Archives for August 4th, 2005

FLEXIBLE WORKING

Book News, PublicNet: 4 August, 2005

By John Stredwick and Steve EllisThe book highlights the issues surrounding work-life balance and offers practical guidance on how employers can make flexible working work for both the organization and the staff. It warns that if organization and employee needs are not carefully aligned, or one group of employees feel that they are getting a worse deal than another, then there is a danger that the benefits will be outweighed by the costs.

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SCOTLAND PROMOTES COMPUTER SKILLS

Headlines, PublicNet: 4 August, 2005

Every adult in Scotland will be offered up to 100 pounds to improve their computer skills. This offer from the Scottish Executive applies to everyone in Scotland over 18, regardless of income. The scheme results from a demand from employers for formal accreditation of ICT skills. Research by the Executive revealed that even where people might consider themselves to have basic ICT skills, relatively few have any formal qualifications as proof of their expertise.The ‘across the board’ offer is a supplement to the Individual Learning Account programme already in place. This offers low income learners up to 200 pounds a year to pay for courses to help them get back into work. How the learner uses these funds is up to them; they might want to use it for one single course or for several smaller courses throughout the year. A learner year runs for 12 months from when an individuals learning account is set up. Since the ILA Scotland scheme was launched last December, over 9,000 learners have signed up to the programme.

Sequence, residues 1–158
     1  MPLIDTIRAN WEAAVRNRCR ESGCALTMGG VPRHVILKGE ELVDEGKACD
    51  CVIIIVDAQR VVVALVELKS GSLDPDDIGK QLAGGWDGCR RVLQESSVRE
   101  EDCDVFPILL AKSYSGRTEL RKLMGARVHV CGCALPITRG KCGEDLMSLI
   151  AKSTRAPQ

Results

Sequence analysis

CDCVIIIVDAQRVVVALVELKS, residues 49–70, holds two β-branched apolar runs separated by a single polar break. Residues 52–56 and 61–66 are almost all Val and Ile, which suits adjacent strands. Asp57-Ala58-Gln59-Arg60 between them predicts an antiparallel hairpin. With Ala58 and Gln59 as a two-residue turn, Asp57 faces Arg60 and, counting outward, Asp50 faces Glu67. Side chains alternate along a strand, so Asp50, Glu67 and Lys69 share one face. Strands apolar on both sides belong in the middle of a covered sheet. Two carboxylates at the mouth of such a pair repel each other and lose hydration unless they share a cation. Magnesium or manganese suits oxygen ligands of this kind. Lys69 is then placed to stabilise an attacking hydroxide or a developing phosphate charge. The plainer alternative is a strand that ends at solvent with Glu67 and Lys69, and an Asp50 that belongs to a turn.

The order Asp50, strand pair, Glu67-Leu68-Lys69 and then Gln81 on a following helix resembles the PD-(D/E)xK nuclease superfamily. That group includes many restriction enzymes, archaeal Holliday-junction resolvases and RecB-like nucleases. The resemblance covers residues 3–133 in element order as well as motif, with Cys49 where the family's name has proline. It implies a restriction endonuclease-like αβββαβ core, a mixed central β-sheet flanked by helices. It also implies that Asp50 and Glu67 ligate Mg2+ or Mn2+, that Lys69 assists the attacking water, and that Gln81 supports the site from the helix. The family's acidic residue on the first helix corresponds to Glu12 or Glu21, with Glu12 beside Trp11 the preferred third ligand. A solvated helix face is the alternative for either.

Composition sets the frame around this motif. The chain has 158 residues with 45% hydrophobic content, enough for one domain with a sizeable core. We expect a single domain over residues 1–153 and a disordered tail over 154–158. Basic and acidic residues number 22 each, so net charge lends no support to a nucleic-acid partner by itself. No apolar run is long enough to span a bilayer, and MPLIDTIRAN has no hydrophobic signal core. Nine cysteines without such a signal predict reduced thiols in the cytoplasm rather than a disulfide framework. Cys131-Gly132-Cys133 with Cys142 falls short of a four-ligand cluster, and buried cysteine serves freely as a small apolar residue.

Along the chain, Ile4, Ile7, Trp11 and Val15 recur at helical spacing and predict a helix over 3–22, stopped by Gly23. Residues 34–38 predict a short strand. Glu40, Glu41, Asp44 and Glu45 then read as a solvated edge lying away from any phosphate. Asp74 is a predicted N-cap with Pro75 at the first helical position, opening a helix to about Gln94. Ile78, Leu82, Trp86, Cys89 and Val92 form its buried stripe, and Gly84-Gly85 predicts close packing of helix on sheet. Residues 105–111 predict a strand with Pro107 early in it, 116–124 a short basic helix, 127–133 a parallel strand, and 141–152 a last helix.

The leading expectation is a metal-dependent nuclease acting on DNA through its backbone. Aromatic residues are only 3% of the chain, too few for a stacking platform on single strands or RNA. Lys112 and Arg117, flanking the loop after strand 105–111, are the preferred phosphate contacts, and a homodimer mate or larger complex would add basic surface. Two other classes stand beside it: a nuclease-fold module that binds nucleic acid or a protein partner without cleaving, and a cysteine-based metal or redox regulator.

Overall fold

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SIGNPOSTS FOR THE ROAD TO GENDER EQUALITY

Headlines, PublicNet: 4 August, 2005

Women leaders in local government are crucially important in moving councils towards gender equality. This is a key finding from a study by Bristol Business School, commissioned by The Employers’ Organisation for local government and sponsored by the Improvement and Development Agency, the Society of Local Authority Chief Executives and Senior Managers and the Society of Chief Personnel Officers.The study, which provides an insight into how councils can ensure that equality is taken seriously and that women have an equal chance of reaching the top, revealed that where there is a woman leader and/or chief executive, women managers and front line staff take heart from seeing women succeed. As more women are represented in leadership positions throughout the organisation the momentum for change builds up. Currently 12% of Chief Executives and 24% of Chief Officers are women. The number of women councillors stands at 29%.

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